Australian Border Force officials are facing a surge of people-smuggling activity from Sri Lanka, with another fishing boat carrying 13 suspected illegal immigrants intercepted west of Christmas Island — the sixth attempted venture since May, The Australian newspaper reported.
The operation, near the Cocos Islands last month, comes ahead of expected plans by the Morrison government to head off a Senate committee report into the controversial Medivac laws due in October by forcing a vote on its repeal bill when parliament resumes for a fortnight next week.
The latest venture was foiled by ABF personnel in the remote Indian Ocean waters on August 7, after it left Sri Lanka on July 25 — making it the 12th Sri Lankan vessel stopped from reaching Australian shores since Operation Sovereign Borders began in 2013.
Home Affairs Minister Peter Dutton said there was renewed activity out of Sri Lanka, which he described as “concerning”.
The Australian understands that since May there has been more activity out of Sri Lanka alone than all other countries combined across 2017-18.
The government considers the majority of asylum-seekers from Sri Lanka as economic migrants and not eligible for asylum. This was also Labor’s position when it was last in government and faced a humanitarian and political crisis after relaxing border protection policy.
Following the latest maritime interception, the 13 suspected illegal immigrants were returned to Sri Lanka, taking the total number of people returned to the South Asian nation to 204 in six years. The incident was detailed yesterday by the government as it came under pressure over the case of a Sri Lankan family facing deportation this week after they were deemed not to be refugees. The High Court in May dismissed an application to review the cases of Tamil asylum-seekers Priya and Nadesalingam, who along with their two daughters had settled in the central Queensland town of Biloela.
The Senate, which will sit next week, is due for a final vote on the government’s push to repeal the Medivac laws, which Scott Morrison took to the May 18 election.
The government’s repeal bill, aimed at reversing laws handing doctors greater control over refugee medical transfers, passed through the lower house in July and was referred to a Senate committee, which is not due to report until October 18. The laws were pushed through the previous parliament by Labor and the crossbench, despite attempts by the government to prevent it.
Government sources said the repeal bill was a “priority” and it was unlikely to wait for the Senate to report back. The government has the ability to call on debate for a bill at any time.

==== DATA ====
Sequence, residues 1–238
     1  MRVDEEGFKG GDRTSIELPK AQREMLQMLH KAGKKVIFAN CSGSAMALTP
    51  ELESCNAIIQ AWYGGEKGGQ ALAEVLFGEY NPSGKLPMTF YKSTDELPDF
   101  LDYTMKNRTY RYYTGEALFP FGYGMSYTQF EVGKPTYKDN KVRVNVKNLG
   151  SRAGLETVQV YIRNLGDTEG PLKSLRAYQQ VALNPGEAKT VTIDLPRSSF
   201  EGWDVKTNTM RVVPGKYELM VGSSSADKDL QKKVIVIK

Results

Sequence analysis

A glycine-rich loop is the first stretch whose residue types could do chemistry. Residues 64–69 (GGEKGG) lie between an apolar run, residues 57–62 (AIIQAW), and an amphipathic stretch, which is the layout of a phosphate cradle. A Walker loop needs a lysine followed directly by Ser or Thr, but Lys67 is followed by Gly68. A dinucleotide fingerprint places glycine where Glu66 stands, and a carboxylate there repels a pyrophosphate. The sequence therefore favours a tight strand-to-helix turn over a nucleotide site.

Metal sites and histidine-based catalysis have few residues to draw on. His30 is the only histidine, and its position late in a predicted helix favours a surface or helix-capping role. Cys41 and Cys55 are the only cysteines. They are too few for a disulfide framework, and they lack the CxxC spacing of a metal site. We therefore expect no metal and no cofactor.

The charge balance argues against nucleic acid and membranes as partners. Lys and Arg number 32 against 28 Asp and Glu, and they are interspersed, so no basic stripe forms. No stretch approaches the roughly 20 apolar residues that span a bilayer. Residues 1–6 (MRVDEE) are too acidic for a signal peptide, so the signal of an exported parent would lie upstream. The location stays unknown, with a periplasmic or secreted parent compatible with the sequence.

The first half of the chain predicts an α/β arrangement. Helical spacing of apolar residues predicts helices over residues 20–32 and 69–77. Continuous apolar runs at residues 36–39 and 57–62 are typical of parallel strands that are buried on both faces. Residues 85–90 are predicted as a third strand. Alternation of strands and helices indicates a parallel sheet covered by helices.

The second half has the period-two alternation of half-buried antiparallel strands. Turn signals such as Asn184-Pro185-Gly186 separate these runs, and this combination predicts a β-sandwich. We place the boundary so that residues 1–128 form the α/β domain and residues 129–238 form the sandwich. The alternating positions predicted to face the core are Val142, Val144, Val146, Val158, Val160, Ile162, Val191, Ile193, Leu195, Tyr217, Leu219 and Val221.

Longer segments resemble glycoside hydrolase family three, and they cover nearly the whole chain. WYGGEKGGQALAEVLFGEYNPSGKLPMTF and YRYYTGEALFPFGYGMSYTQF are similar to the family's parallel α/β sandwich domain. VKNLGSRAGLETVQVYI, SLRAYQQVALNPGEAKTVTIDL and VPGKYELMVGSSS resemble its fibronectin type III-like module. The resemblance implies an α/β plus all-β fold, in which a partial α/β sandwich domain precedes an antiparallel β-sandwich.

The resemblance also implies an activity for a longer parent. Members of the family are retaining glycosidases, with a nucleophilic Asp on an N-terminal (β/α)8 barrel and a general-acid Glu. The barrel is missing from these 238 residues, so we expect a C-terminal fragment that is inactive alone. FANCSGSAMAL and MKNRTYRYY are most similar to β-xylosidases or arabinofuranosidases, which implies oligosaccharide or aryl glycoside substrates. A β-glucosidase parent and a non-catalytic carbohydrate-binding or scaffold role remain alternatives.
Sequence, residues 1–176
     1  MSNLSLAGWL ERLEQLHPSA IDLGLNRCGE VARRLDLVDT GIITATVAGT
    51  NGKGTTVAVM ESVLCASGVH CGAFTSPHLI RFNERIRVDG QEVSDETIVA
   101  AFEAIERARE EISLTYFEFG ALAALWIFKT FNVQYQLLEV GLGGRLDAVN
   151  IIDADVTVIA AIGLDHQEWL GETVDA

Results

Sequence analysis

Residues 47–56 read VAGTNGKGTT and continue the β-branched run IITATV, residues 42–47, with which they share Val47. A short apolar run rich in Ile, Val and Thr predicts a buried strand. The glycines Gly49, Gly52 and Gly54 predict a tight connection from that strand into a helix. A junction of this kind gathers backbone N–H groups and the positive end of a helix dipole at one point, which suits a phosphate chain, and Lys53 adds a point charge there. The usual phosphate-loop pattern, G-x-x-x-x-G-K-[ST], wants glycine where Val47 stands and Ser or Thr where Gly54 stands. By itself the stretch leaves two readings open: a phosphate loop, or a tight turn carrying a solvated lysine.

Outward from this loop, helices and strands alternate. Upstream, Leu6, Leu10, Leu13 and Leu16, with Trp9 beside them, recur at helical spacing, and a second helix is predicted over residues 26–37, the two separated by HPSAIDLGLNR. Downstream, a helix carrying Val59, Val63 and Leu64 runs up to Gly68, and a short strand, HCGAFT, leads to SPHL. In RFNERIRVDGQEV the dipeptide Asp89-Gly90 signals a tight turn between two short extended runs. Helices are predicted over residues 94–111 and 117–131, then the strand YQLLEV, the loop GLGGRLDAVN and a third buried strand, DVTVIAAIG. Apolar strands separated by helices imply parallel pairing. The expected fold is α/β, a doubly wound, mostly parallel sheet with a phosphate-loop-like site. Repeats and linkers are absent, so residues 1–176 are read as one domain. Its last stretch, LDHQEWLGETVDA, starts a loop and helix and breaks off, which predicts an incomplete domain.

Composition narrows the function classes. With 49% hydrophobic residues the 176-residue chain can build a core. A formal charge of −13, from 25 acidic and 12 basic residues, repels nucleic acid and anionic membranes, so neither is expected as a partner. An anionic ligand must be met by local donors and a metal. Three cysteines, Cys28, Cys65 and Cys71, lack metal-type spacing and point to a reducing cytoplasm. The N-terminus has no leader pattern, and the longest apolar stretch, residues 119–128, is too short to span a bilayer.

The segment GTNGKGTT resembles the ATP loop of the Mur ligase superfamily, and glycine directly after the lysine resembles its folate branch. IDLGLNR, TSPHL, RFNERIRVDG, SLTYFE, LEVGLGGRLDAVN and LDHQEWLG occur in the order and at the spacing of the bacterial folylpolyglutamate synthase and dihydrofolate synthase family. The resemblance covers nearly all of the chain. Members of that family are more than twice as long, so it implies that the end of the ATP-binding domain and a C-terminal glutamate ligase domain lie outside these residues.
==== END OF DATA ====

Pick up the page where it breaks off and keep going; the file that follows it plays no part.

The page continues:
In July, The Australian revealed that an Australian offshore border patrol unit had intercepted a group of Sri Lankan asylum-seekers trying to reach the mainland by boat. Department of Home Affairs officials travelled to Christmas Island to process the illegal arrivals, who arrived following an election warning that the Labor-backed Medivac laws could trigger the resumption of people-smuggling.
Since May, there have been five attempted people-smuggling ventures disrupted by Sri Lankan and Australian officials. On May 11, a vessel departed Sri Lanka before being intercepted by Australian authorities shortly after, with all 20 Sri Lankan nationals on board returned. Four days later, Sri Lankan authorities charged three people after disrupting a people-smuggling venture.
The following week, another vessel carrying illegal immigrants to Australia broke down, with the Sri Lankan Navy rescuing all 41 on board and returning them to Galle. On June 28, another boat departed Sri Lanka and was intercepted by the Australian Border Force. Between August 17 and 20, Sri Lankan security officials disrupted another people-smuggling vessel before it made it to sea.
Dutton said the threat out of Sri Lanka was a concern.
“It is the reason Sri Lanka was the first country I visited after the election to make sure we can keep these boats stopped,” he said.
“Labor wants people to believe the threat of new boat arrivals isn’t real. It is. We are dealing with it every day. This makes 38 people off three boats in the last four months alone.”
Anthony Albanese yesterday confirmed he had raised the case of the Biloela Sri Lankan family, who have been moved to Christmas Island, with Mr Morrison.
The Opposition Leader said allowing the family to stay in the country would not “undermine Australia’s borders”.
“It would simply be the very reason why there is ministerial discretion in the act, to show compassion, to show that there are specific needs for this family given that their two children have been born here in Australia, aged four and two. That they’ve integrated successfully into the Biloela community; they volunteer in the community,” Mr Albanese said.
“It won’t undermine the government’s migration policies. It will simply say that this is a government that is prepared to listen.”
Ahead of a showdown in the Senate on the Medivac repeal bill, the two Centre Alliance senators are expected to side with Labor and the Greens to block the legislation, meaning the government will rely on the vote of Tasmanian crossbench senator Jacqui Lambie to dismantle the medical transfer laws.
Centre Alliance senator Stirling Griff has accused the government of a beat-up over the medical transfer laws, saying they had not led to a flood of asylum-seekers as the government had suggested. Mr Albanese and opposition home affairs spokeswoman Kristina Keneally have said Labor will not support repeal of the legislation it helped facilitate, claiming it is working as intended by leading to faster transfers to Australia of ill refugees from Nauru and Manus.